Roy Thomson Hall has wonderful acoustics, but I’ll admit that we all looked out of place as stoned college students.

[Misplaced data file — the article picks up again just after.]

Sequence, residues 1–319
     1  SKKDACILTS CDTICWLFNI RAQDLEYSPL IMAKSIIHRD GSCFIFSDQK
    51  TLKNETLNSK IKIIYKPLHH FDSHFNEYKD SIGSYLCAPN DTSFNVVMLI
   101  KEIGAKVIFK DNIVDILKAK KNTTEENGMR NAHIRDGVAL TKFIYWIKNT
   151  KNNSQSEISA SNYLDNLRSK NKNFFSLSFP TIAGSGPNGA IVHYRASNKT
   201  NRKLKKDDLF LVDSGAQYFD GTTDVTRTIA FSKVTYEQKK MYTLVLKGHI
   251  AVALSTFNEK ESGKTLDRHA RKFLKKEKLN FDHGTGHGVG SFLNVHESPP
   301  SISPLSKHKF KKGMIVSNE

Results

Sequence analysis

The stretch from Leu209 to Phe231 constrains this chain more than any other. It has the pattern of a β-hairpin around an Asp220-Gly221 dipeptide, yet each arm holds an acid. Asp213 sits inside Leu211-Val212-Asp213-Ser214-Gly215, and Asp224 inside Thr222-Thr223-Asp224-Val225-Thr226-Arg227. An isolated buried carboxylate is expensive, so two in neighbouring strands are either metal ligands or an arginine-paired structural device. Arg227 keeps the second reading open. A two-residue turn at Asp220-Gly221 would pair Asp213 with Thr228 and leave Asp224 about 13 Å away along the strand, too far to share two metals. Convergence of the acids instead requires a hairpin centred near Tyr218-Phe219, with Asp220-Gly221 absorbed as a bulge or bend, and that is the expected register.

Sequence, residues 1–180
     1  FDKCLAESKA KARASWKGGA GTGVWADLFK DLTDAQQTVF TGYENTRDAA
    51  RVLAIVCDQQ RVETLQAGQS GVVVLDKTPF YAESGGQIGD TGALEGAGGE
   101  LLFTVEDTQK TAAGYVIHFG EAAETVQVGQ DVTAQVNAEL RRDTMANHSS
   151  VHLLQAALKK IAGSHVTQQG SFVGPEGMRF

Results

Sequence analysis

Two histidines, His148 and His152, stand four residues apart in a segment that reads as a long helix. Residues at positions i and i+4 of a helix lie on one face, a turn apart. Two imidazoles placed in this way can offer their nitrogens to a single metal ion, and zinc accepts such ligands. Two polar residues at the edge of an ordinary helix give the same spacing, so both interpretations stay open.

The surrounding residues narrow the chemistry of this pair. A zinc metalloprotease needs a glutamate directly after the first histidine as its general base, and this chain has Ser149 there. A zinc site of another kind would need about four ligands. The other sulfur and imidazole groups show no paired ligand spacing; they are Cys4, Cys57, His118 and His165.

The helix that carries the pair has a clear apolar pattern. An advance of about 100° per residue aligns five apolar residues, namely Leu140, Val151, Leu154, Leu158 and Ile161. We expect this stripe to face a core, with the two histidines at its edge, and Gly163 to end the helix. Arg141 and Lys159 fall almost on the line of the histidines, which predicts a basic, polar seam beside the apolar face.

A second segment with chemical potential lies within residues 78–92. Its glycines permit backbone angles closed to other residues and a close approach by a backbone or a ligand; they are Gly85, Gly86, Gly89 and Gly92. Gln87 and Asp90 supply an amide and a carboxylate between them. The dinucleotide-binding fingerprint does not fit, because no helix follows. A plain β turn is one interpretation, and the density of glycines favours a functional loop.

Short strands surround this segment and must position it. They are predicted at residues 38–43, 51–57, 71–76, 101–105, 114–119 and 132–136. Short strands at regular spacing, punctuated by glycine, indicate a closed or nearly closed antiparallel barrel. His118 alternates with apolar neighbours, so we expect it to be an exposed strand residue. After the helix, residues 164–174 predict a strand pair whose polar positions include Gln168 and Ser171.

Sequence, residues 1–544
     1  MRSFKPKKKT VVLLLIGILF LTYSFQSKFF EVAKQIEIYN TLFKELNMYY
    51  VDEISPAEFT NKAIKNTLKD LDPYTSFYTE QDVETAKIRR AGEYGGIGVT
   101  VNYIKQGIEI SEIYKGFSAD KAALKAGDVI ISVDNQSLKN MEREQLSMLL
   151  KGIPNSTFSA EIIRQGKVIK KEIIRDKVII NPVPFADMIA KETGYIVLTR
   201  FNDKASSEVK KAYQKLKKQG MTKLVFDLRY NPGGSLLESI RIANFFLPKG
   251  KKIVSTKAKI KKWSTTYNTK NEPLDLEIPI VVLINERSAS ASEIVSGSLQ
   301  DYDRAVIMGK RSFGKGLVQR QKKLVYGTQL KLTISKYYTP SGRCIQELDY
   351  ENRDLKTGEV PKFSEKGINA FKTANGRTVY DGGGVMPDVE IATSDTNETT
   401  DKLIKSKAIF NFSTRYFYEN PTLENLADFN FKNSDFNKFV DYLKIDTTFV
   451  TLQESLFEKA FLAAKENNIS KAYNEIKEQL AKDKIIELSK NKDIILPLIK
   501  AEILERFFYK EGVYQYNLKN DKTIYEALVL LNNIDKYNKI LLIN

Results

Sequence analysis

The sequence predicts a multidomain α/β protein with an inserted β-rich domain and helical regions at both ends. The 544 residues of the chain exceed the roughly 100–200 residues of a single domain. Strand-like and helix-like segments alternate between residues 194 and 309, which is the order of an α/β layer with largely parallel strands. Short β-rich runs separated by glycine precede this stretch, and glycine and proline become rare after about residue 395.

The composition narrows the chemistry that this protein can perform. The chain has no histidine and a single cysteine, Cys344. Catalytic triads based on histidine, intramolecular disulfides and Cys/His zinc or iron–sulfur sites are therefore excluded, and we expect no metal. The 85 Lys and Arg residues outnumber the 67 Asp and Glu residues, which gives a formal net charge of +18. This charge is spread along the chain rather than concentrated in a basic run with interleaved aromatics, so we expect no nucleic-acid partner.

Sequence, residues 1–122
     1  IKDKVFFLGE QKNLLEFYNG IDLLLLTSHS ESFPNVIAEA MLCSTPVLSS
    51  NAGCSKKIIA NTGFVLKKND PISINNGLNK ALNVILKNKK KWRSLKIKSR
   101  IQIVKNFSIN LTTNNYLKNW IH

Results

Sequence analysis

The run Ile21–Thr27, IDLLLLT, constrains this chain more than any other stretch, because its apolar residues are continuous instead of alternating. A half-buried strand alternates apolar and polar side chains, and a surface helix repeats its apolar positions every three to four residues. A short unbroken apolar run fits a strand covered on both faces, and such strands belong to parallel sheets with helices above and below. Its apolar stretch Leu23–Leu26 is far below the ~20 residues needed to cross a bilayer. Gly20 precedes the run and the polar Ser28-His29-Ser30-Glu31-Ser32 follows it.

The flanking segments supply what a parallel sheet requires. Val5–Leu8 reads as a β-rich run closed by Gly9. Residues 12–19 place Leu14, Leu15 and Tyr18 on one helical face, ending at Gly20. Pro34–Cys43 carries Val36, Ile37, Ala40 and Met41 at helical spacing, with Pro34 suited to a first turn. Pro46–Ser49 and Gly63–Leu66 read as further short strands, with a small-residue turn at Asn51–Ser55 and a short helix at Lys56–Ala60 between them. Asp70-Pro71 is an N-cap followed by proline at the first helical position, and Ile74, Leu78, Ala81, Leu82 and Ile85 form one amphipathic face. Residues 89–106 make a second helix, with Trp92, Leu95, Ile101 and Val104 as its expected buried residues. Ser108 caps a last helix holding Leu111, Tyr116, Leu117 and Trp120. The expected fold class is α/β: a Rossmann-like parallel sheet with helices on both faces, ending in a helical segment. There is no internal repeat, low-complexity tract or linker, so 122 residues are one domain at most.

Cannabis and music go together like peanut butter and chocolate. Each is great on its own, but the combination gives you something spectacular that you can’t get with either ingredient in isolation. When I was an art student at the University of Toronto, I saw a lot of DIY music events that were hosted in random homes and warehouse buildings. There was one house in Huron Sussex that was always being occupied by college students from either University of Toronto, Trinity College, or Victoria University. Although the concerts were usually shut down by local RCMP before it could get too late, we still tried to push it as much as possible. These loud events were always heightened with a thick cloud of cannabis smoke within the air inside. Even if you weren’t hitting a joint, it was hard to avoid getting a contact high in those situations. However, we attended as many professional concerts as the DIY ones we hosted ourselves in Yorkville and the university district. One night we all packed into a van for an interesting concert at Roy Thomson Hall. It was the Toronto Symphony Orchestra playing Beethoven’s ninth symphony, the one that most know best. Roy Thomson Hall has wonderful acoustics, but I’ll admit that we all looked out of place as stoned college students. I told my friends to wear nice clothing, but only half of them complied with that request. At least we all had a great evening listening to the Toronto Symphony Orchestra at Roy Thomson Hall. As a lover of music as both a listener and a performer, I can’t think of a better place to live than Toronto if you compare Canadian metropolitan cities.